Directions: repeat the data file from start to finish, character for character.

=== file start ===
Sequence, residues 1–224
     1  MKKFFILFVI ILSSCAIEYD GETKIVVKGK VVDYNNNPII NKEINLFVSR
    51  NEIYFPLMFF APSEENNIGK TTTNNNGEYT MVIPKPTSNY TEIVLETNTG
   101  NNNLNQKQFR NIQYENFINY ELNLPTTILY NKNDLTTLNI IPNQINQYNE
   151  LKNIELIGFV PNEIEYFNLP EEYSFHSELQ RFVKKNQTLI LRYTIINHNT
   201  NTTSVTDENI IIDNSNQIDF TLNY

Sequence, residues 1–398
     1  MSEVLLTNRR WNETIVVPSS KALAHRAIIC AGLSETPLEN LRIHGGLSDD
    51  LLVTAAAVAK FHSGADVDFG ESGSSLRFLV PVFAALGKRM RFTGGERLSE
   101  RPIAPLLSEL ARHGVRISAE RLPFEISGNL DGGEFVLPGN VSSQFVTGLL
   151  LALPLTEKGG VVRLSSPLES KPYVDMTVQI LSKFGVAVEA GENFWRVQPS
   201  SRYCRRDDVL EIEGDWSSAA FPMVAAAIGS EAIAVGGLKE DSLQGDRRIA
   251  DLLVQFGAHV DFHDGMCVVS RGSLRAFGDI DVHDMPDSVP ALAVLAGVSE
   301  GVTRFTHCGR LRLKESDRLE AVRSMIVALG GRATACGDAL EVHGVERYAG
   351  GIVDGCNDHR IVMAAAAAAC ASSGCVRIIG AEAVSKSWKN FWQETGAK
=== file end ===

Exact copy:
Sequence, residues 1–224
     1  MKKFFILFVI ILSSCAIEYD GETKIVVKGK VVDYNNNPII NKEINLFVSR
    51  NEIYFPLMFF APSEENNIGK TTTNNNGEYT MVIPKPTSNY TEIVLETNTG
   101  NNNLNQKQFR NIQYENFINY ELNLPTTILY NKNDLTTLNI IPNQINQYNE
   151  LKNIELIGFV PNEIEYFNLP EEYSFHSELQ RFVKKNQTLI LRYTIINHNT
   201  NTTSVTDENI IIDNSNQIDF TLNY

Sequence, residues 1–398
     1  MSEVLLTNRR WNETIVVPSS KALAHRAIIC AGLSETPLEN LRIHGGLSDD
    51  LLVTAAAVAK FHSGADVDFG ESGSSLRFLV PVFAALGKRM RFTGGERLSE
   101  RPIAPLLSEL ARHGVRISAE RLPFEISGNL DGGEFVLPGN VSSQFVTGLL
   151  LALPLTEKGG VVRLSSPLES KPYVDMTVQI LSKFGVAVEA GENFWRVQPS
   201  SRYCRRDDVL EIEGDWSSAA FPMVAAAIGS EAIAVGGLKE DSLQGDRRIA
   251  DLLVQFGAHV DFHDGMCVVS RGSLRAFGDI DVHDMPDSVP ALAVLAGVSE
   301  GVTRFTHCGR LRLKESDRLE AVRSMIVALG GRATACGDAL EVHGVERYAG
   351  GIVDGCNDHR IVMAAAAAAC ASSGCVRIIG AEAVSKSWKN FWQETGAK